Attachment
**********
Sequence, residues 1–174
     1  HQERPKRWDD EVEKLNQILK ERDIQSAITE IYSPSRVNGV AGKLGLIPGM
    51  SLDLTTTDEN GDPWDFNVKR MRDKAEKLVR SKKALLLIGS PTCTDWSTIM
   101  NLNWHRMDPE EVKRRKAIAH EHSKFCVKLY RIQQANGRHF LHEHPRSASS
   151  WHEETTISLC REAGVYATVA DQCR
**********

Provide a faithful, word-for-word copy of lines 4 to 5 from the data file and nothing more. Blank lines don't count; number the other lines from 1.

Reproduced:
   101  NLNWHRMDPE EVKRRKAIAH EHSKFCVKLY RIQQANGRHF LHEHPRSASS
   151  WHEETTISLC REAGVYATVA DQCR